Photo Flood 68: Skinker DeBaliviere

photo by Joe Rakers

Like the DeBaliviere Place neighborhood, Skinker DeBaliviere owes much of its existence (or at least its development) to the dedication of Forest Park and its hosting of the 1904 World’s Fair. The neighborhood sits right on the western edge of the city, directly against one of the area’s most vibrant municipalities, University City, and its only elite university, Wash U. Its northern border is Delmar Boulevard, which signals another sort of transition.

photo by Lina Walz-Salvador

photo by Ann Aurbach

 

photo by Vivian Nieuwsma

 

photo by Joe Rakers

Skinker DeBaliviere shares so much with DeBaliviere Place, that they could be considered twin neighborhoods, or even the same neighborhood, if not for certain, subtle distintcions. The similarities are: both neighborhoods share a southern border with Forest Park, and both ring this border with opulent mansions; both neighborhoods share a northern border with Delmar Blvd., but one (S.D.) has activated much of this commercial corridor whereas the other (D.P.) still mostly stands waiting to do so; both neighborhoods have an internal, gated community (S.D. has two) that makes walking diagonally across either impossible, but while two are private and exclusive one has more of a secluded Pleasantville vibe (S.D.); both neighborhoods have pretty diverse demographics, especially for STL, but one counts disproportionately more advanced degree holders among its residents (S.D.)… it would be easy to go on. It is important to note though that most of the similarities are due to the neighborhoods’ origins following the dedication of Forest Park in 1876, and the westward settlement that it inspired, while most of the neighborhoods’ distinctions come from factors both historical and contemporary.

photo by Allen Casey

 

photo by Shelly Cendroski

 

photo by Mike Matney

 

photo by Jennifer Mishra

We’ve outlined how the city changed its growth patterns following the dedication of Forest Park in numerous other articles, including the one for DeBaliviere Place, so we’ll just say that after the Park came about, people rushed to live alongside its borders, an actuality made possible by the extension of streetcar services and boulevards to the area, from Downtown. Though University City is a huge presence today, during the first few decades of Skinker DeBaliviere’s existence it was primarily rural. Even during the 1904 Louisiana Purchase Exposition, University City was little more than rows of tents offering cheap accommodations for travelers wanting to stay close to the Fair. Yet, during this same period, Skinker DeBaliviere was growing by leaps and bounds, adding housing of the colossal, single-family sort and in the form of apartment building after apartment building.

photo by Jackie Johnson

 

photo by Philip Hu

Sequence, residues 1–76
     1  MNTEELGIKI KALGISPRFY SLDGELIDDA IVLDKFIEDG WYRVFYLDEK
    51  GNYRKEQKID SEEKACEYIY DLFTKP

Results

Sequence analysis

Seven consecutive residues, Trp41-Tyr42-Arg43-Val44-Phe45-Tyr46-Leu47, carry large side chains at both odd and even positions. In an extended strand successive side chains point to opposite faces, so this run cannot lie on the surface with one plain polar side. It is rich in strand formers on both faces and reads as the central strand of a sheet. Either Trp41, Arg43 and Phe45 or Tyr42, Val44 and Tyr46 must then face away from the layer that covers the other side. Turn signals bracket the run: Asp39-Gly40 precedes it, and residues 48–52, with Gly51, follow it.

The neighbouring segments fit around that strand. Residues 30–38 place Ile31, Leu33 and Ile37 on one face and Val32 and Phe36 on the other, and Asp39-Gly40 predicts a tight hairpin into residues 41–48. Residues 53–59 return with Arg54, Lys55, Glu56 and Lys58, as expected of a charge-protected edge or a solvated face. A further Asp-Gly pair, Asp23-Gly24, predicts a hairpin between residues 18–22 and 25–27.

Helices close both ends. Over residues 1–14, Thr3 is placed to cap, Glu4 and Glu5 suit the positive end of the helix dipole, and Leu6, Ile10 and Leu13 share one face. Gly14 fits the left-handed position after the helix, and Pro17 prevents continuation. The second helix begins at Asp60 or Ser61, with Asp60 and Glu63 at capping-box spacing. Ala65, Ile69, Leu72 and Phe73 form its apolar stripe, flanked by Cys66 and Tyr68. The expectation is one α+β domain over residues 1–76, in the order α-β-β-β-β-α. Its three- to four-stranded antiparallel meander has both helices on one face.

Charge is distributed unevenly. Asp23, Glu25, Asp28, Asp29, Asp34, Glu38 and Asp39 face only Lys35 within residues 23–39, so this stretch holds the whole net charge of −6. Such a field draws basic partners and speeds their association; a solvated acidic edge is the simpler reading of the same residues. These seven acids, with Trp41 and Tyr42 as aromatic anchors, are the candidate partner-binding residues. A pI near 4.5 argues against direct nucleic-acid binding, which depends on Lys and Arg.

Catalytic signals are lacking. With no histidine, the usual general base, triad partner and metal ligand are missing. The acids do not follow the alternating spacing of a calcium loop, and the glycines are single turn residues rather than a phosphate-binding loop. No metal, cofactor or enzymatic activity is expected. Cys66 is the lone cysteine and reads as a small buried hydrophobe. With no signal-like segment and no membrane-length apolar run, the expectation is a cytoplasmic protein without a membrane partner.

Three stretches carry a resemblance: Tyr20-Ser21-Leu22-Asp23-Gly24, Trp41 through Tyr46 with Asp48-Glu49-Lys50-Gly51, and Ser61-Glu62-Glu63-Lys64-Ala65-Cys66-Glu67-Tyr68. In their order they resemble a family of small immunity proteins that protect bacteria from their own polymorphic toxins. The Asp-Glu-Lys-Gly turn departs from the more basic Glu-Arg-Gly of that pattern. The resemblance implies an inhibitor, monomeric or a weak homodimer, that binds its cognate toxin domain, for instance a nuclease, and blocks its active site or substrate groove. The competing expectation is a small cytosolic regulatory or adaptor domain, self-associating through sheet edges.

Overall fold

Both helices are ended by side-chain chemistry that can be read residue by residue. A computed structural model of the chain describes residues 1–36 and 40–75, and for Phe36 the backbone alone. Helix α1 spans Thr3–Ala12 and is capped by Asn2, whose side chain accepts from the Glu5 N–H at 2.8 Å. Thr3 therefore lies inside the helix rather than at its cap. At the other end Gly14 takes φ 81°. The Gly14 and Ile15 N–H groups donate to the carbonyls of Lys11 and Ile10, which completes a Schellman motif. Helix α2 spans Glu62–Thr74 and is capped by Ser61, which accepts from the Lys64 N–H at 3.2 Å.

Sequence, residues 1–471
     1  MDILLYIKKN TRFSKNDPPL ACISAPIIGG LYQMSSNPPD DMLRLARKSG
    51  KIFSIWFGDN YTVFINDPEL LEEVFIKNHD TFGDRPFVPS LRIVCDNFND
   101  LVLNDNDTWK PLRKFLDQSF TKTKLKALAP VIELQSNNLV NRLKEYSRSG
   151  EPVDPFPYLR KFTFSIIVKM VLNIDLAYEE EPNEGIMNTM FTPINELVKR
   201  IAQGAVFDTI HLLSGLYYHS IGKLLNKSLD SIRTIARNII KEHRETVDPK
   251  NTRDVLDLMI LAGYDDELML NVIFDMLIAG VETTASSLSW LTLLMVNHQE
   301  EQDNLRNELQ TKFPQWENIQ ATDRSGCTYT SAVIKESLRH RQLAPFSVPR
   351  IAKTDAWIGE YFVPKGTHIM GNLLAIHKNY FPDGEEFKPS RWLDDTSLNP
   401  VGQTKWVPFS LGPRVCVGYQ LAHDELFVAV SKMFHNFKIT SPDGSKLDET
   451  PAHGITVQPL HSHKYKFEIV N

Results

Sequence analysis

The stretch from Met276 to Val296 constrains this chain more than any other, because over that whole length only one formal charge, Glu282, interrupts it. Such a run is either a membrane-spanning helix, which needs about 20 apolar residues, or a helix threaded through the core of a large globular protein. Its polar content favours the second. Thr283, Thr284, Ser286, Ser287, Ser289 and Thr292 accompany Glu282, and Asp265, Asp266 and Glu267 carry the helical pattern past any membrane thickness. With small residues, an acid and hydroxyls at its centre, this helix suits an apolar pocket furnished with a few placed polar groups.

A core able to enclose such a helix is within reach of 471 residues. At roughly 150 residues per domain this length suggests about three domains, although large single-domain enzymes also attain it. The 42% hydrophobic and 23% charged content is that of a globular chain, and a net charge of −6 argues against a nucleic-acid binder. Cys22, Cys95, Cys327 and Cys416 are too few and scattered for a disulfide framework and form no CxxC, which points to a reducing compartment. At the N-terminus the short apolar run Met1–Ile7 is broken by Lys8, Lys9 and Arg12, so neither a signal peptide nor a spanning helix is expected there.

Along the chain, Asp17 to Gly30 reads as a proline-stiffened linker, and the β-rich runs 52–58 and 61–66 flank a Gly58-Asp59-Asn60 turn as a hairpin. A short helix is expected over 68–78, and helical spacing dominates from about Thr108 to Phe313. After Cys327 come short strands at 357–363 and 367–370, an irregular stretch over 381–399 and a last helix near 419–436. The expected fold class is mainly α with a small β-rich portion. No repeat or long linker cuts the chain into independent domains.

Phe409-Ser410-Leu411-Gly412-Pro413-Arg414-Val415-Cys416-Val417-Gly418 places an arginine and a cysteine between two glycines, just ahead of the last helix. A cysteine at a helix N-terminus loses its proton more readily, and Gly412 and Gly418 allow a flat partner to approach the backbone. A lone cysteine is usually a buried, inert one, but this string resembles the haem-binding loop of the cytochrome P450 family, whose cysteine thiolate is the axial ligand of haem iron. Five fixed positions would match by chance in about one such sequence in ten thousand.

photo by Jenn Sarti

Unlike many neighborhoods in St. Louis that significantly lost population beginning in the 1950’s, Skinker DeBaliviere’s remained relatively stable. There are complex factors for why this is true, but to simplify, the neighborhood’s Park border and the presence of Washington University nearby both helped to keep apartment dwellers in the neighborhood, and the University, in particular, has maintained a vested interest in the health of Skinker Debaliviere for over 50 years. Additionally, the presence of many one way and/or dead end streets throughout the neighborhood, so annoying to navigate, helped to insulate the community from some of the changing dynamics that led many white city residents to leave the city during this time (whether those motivations were racial, economic or otherwise). The Skinker DeBaliviere Community Council, a neighborhood community organization founded in 1966, alleges this stability to the area’s architectural variety and urban livability, and although that is another sort of simplification, we’d be hard-pressed to disagree that these are definite and discernible advantages.

photo by Joanne Norton

 

photo by Jeni Kulka

 

photo by Lina Walz-Salvador

 

photo by Jason Gray

Today, Skinker DeBaliviere is a positive example of what life in St. Louis can be. From your front steps anywhere in the neighborhood, public transportation, whether by bus, Metrolink, or Trolly (soon), is easily accessible. What’s more, the neighborhood possesses a vibrant and busy entertainment district complete with boutique hotel, performance venue, eateries, shops and more. And then there is Forest Park, much mentioned already in this article, St. Louis’ principal outlet for outdoor recreation, museums and open-air theatre performances. Certainly, the friendly smiles of the residents we encountered don’t lie; you could do way worse than to choose to live among them.

photo by Joe Harrison

 

photo by Michelle Bates

 

photo by James Palmour

 

photo by Mike Matney

Map is available here.

Our endpoint for Photo Flood 68 was the amazing Fork & Stix. This small Thai restaurant has a big following, and for good reason. Definitely recommended!

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